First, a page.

THE IRISH FAMILY Planning Association recorded an 82 per cent increase in the number of women seeking post-abortion counselling services in 2012.
In their annual report published to day, the IFPA say that there are a number of reasons for this upsurge in demand. It includes they say an increase in the number of women attending with what the IFPA describe as “complex circumstances surrounding their unplanned pregnancies requiring sustained support”. Of this number, 18 per cent were clients who hadn’t attended the IFPA before.
A spokesperson for the IFPA also said that the increase is also due to people being more open about their experiences, “It shows that there’s a breakdown in stigma in issues around abortion. People are more open to talk and there is a wider discussion on the issues.”
More women also sought help for a crisis pregnancies last year with a 6 per cent increase in face-to-face consulations. In total over 1,500 women, girls and couples received face-to-face crisis pregnancy counselling with a further 305 women and girls received telephone pregnancy counselling.
Migrant women accounted for 16 per cent of clients seeking counsellling, representing an increase of 10 per cent on 2011. The IFPA say these cases can be complicated by a number of factos including a lack of familiarity with Irish law and travel restrictions.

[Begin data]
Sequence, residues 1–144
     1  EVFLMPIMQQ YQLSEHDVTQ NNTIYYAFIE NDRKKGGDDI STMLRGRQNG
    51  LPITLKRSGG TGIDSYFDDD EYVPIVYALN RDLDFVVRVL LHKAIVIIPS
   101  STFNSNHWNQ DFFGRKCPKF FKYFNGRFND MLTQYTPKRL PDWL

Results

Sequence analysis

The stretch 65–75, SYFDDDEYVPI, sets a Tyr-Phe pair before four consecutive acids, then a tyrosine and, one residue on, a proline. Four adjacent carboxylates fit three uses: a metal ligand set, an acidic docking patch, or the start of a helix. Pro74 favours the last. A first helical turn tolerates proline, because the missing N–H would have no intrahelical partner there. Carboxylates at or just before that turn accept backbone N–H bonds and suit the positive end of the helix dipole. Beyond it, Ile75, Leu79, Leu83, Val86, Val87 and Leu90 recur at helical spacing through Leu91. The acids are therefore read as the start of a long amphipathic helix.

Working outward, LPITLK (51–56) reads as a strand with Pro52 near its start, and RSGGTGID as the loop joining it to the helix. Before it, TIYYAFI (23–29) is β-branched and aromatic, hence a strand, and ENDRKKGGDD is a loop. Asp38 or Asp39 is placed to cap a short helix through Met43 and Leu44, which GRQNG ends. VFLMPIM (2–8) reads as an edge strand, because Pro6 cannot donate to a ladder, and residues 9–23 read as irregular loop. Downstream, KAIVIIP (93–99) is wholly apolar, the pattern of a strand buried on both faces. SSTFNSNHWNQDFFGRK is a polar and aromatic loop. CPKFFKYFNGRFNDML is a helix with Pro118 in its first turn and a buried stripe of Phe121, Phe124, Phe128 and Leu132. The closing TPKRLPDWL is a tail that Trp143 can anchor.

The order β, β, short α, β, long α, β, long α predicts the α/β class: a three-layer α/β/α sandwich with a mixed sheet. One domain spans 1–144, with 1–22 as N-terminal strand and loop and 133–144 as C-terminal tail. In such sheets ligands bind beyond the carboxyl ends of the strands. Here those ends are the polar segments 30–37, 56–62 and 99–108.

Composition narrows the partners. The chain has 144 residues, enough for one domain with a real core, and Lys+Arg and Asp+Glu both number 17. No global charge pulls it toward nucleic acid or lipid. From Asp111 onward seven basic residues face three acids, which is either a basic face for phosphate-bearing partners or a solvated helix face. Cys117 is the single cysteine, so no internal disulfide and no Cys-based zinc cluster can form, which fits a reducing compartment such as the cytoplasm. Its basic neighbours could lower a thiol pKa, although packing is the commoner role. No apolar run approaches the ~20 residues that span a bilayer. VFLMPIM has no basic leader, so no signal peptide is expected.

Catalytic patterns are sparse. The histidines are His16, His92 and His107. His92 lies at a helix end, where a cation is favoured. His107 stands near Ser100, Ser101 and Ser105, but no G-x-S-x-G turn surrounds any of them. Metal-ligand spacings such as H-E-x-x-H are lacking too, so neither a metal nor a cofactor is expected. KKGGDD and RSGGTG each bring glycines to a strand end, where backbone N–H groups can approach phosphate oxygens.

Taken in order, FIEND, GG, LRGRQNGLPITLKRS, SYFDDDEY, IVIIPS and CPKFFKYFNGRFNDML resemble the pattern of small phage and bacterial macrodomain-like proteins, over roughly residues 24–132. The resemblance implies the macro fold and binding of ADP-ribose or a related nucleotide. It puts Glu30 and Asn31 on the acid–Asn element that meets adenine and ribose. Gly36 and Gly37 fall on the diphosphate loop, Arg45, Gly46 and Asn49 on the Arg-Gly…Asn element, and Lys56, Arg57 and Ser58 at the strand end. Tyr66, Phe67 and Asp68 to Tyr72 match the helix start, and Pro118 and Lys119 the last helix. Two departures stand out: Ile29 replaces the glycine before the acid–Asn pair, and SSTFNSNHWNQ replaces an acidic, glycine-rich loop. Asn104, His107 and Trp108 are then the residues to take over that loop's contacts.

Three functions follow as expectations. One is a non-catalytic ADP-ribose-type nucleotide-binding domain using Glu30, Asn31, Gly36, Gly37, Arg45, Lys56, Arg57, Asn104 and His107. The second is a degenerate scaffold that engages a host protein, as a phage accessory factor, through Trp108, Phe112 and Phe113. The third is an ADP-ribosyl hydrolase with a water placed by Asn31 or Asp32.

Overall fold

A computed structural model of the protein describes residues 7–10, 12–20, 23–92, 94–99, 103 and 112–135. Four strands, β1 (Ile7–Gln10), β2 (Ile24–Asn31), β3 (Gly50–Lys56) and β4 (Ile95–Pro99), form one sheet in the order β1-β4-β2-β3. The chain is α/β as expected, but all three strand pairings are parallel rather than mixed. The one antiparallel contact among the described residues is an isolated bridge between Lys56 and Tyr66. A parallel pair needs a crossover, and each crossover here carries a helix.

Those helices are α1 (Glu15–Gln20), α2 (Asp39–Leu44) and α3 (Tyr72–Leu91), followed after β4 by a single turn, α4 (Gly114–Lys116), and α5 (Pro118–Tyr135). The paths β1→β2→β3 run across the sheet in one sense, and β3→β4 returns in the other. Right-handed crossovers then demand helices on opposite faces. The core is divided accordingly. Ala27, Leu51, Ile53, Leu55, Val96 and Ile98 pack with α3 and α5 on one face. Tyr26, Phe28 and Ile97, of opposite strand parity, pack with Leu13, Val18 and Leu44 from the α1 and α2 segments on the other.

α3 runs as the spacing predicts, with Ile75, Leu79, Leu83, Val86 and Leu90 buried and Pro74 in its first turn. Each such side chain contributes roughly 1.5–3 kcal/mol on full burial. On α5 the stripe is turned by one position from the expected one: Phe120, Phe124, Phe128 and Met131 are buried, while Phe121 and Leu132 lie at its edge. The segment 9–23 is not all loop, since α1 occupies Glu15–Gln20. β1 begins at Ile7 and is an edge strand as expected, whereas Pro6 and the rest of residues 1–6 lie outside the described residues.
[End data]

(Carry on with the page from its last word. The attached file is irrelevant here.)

These burdens can cause delay in accessing abortion services which can lead to a more invasive and expensive procedure explains the IFPA report.
The report also detailed an increase in the number of people being screened for STIs last year with 2,058 tests being carried out in IFPA clincs, a 16 per cent increase on 2011.
The sexual health charity is warning however that this increase in demand is not being met by a corresponding in crease in screening facilities, especially for young people and those on low incomes.
The report points out that young people on low incomes represent the group with the highest incidence of STI infection in Ireland and argues that many must pay for a full screening at primary care level.
The report also identifies a lack of screening services for people living in rural areas.
IFPA medical director Dr Caitriona Henchion points out that the increase in screenings shows that more people are taking responsibility for their sexual health and this must be supported:
Despite the growing importance of sexual health care for people and the increase of STI rates in Ireland, as highlighted by the current HSE awareness campaign on gonorrhoea, screening services nationally remain inadequate,” she say.
Affordable and comprehensive screening should be available at a primary care level. This would ensure that people across Ireland have access to the sexual health services they need. In this context, the forthcoming National Sexual Health Strategy represents the ideal opportunity for a nationwide STI screening service.
The IFPA provided almost 17,500 sexual and reproductive services to clients at their two family planning clinics in Dublin in 2012. Details of the IFPA services are available here.